Oil Price Dip Reflects Sluggish Economy

As a policy matter, don’t read much into the recent dip in oil and gasoline prices. Sure, dropping at the advent of the summer driving season bucks historic trends, but this is just one more episode of fluctuations in prices on the global market. To be sure, there’s no one to thank for this trend, either.


Just as prices dropped during the recession in 2008, prices are dropping now. Europe’s fiscal maladies are undercutting growth, Japan’s economy is slow to recover, China’s economy is seeing its weakest growth in over a decade, and the U.S. economy is failing to gain momentum. At the same time that global demand is weakening, OPEC is upping production to edge out competition from new fields in the Western Hemisphere. On top of this, diplomatic tensions with Iran are easing, diminishing nerves in the marketplace. The fundamentals haven’t changed; we’re just benefitting from the confluence of several global trends putting some bearish pressure on the oil markets.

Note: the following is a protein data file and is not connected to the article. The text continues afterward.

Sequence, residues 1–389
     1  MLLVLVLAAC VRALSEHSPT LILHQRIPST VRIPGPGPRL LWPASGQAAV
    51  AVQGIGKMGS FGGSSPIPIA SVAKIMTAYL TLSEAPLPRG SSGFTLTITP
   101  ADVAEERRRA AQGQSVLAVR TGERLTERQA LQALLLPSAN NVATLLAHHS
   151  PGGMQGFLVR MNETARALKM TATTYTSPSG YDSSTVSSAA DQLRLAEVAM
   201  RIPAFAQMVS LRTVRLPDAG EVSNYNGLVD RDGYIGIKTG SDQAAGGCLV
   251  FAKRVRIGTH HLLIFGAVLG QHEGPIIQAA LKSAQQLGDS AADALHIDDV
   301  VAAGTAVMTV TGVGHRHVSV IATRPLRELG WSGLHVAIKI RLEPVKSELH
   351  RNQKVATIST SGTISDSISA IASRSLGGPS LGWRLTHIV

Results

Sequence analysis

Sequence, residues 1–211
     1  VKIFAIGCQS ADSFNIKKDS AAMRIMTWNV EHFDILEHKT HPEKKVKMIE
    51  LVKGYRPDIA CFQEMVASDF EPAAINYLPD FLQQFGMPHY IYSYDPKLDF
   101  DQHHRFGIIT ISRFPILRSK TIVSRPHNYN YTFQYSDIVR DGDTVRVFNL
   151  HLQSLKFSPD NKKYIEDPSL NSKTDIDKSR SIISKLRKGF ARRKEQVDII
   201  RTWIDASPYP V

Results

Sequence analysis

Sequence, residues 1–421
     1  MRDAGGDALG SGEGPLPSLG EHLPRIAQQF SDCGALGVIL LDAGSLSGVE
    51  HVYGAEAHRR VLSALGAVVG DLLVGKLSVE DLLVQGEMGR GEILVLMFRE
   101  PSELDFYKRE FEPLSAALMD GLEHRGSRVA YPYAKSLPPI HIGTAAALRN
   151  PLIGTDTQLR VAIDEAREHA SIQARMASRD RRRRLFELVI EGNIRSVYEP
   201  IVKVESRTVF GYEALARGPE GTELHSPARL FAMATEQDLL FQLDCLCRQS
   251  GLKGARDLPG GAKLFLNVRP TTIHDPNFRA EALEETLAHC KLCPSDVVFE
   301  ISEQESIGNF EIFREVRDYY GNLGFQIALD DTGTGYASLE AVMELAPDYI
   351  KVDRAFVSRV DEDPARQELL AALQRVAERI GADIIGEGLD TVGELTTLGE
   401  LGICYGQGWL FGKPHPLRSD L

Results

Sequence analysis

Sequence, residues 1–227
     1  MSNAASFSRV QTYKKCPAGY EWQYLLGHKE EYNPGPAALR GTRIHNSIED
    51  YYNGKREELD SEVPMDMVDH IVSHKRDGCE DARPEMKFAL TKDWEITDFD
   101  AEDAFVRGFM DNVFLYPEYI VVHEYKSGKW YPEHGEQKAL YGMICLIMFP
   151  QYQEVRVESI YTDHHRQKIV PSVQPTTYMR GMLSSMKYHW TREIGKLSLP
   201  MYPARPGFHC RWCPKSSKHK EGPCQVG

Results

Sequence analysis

The seemingly low oil prices are looking good right now to those on the campaign trail, but the celebration will be short-lived. The trend we’re seeing now reflects a weak economic recovery at home and abroad. So while households and small businesses across the country will benefit from a temporary alleviation in pain at the pump, the economic policies that allow gas prices to dip are prolonging this sluggish recovery and doing some real damage to the country in the process.


There are serious policy proposals that could come out of this recent trend. Washington should consider this a wakeup call to implement permanent, pro-growth reforms that will send people back to work and get our economy rolling again.


This piece originally appeared on the National Journal Energy Expert Blog.